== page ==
Mayor Mark Lauretti said the city could purchase the Kazimir Pulaski Club on Bridge Street downtown to make way for private development.
“They’re standing in the way of progress,” Lauretti said. “This process has been going on for years and nothing is happening.”
Lauretti said if developer Angelo Melisi isn’t able to move forward with his plans for the site, the city will find another interested party.
“The city will take it over and give it to someone who can,” he said of the club property.
Melisi is hoping to pursue a project that would combine the club property with the adjoining Howe Avenue vacant lot he owns. He received approval for the project in 2007, and it would include ground-floor retail space and upper-floor apartments.
The project was stymied by the recession, the need to acquire part of the now-closed-off section of Bridge Street from the state (Melisi now owns it), and the inability to purchase the club property.
Melisi insists he’s ready to pursue the project now, but still hasn’t been able to get the club — known to most as the “Polish Club” — to agree to sell its property. “I’ve been trying to work with them for 11 years,” Melisi said.
He said he could provide the Polish Club with another location in Derby, which he would buy for them. “I could make a deal with them within 24 hours,” Melisi said. “I’m ready to go.”
Appraisal and engineering report
John Liptak, Polish Club president, said the club is now dealing “directly” with the mayor.
Based on a recent meeting with Lauretti, Liptak plans to get an appraisal on the property soon, which could help set a price for a possible sale.
He said selling the site and moving elsewhere is what will probably happen.
“We’ll relocate,” Liptak said. “That’s one of our best options. The whole area is going to be developed, from Canal Street to Howe Avenue, so we’d just be a thorn in someone else’s side.”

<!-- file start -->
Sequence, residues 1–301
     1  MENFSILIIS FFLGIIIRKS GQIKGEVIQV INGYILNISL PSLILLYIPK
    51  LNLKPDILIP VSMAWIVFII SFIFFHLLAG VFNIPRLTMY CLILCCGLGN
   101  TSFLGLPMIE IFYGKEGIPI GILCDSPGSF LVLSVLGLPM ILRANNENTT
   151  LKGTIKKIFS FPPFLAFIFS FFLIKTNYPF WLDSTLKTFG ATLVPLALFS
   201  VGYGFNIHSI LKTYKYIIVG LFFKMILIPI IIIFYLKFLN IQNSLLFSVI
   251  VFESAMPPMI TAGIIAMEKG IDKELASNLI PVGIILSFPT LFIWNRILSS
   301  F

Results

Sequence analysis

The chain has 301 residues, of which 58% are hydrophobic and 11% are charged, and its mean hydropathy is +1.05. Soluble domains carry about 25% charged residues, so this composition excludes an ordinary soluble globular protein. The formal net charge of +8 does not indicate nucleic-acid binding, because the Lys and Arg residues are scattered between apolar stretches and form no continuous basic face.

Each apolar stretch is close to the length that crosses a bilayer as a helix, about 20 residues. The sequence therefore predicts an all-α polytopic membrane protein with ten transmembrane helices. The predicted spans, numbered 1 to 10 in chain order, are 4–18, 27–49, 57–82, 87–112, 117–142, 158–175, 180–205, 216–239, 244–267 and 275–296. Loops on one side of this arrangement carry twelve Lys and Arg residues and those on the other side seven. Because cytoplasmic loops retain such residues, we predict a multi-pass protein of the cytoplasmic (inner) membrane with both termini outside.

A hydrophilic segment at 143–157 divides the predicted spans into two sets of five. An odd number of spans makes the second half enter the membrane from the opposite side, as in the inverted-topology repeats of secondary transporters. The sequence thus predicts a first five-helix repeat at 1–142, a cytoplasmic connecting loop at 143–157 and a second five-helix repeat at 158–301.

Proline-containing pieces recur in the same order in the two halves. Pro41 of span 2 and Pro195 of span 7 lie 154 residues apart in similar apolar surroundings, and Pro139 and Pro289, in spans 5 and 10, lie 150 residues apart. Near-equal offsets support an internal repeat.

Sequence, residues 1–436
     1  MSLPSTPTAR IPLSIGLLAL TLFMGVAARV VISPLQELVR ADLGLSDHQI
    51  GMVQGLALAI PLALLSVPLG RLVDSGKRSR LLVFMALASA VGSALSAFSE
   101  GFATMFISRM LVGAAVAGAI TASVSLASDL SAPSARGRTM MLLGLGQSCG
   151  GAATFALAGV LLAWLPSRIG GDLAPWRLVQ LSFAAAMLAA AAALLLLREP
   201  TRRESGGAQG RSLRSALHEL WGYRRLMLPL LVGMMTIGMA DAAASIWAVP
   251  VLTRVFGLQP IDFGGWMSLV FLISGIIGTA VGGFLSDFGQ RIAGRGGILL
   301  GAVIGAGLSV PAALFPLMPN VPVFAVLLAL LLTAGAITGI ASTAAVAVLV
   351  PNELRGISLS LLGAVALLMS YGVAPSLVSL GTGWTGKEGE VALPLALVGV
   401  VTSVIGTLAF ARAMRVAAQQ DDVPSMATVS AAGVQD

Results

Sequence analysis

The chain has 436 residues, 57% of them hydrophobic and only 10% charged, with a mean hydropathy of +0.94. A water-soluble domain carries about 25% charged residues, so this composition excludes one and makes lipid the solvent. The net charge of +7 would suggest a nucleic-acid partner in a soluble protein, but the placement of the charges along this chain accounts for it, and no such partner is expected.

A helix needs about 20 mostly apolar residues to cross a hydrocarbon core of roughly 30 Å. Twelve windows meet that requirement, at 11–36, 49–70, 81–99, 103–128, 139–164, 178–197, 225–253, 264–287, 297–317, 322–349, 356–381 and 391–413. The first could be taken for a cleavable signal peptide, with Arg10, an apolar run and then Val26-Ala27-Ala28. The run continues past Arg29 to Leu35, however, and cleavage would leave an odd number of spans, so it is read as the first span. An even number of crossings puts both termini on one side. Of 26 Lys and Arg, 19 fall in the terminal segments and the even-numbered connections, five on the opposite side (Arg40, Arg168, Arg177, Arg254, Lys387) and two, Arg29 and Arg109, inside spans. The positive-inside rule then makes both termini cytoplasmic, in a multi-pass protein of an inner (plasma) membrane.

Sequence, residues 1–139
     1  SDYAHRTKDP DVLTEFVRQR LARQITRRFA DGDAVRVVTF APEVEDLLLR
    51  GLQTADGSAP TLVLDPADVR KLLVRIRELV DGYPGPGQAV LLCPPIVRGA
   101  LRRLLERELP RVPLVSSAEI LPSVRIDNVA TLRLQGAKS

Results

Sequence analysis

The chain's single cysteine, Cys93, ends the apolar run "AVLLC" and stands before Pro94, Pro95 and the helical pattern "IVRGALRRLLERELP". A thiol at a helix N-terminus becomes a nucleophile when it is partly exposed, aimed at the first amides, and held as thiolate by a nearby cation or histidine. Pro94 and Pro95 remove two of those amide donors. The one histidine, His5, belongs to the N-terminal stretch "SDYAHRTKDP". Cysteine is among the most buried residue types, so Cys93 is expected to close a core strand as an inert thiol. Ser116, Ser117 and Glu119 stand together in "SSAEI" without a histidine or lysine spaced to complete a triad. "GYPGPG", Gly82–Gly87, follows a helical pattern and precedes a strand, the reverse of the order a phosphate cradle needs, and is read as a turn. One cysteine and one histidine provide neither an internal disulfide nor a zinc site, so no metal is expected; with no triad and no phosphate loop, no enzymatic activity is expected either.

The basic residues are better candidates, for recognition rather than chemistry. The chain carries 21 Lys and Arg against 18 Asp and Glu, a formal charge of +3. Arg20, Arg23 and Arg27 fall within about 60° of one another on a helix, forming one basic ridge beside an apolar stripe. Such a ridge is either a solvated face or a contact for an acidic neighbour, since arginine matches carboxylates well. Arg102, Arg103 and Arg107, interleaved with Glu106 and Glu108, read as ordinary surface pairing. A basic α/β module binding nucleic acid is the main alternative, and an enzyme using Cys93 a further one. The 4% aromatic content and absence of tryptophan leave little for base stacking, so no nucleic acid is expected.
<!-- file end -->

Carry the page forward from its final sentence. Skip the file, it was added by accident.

Having an appraisal will prepare the club for dealing with a potential buyer, whether that’s the city, Melisi or another developer.
Liptak also is trying to get a structural engineer to look at the building, with part of the structure recently being cited as “unsafe” by the Shelton Building Department.
“We’re doing our part,” he said of club actions in recent weeks.
Joseph Ballaro, Shelton’s chief building official, said the Polish Club’s April 15 deadline to provide a structural engineering report on the structure passed without a report being provided. “I expect to hear from them shortly,” he said.
Ballaro re-inspected the building early last week and said there have “been no improvements” with the falling brick on West Canal Street.
In fact, the section of sidewalk that is closed off due to structural concerns has been expanded slightly, marked by yellow police tape.
He said he will continue to pursue the matter, but noted the part of the building that houses the club isn’t an immediate safety hazard. The rest of the building is vacant.
Ballaro said he is following city building code requirements with his actions, and is providing information to the city’s corporation counsel for possible future action.
‘It would be easier for them to move’
Melisi, who recently met with the Planning and Zoning Commission, said he will finalize plans for his project with or without the Polish Club site. The project will simply be smaller without the club land, he said.
But he said it makes sense for the Polish Club to move because of the building’s structural problems. “It would be easier for them to move to a better place with fewer problems,” he said.
Meanwhile, Lauretti said, the time to get something going is now because of the economic cycle.
“We can’t afford to sit around and miss it,” he said. “Now is the time to be ready.”
He’s pleased a dialogue has been opened with the Polish Club. “We’re talking,” Lauretti said. “I think we’re moving in the right direction.”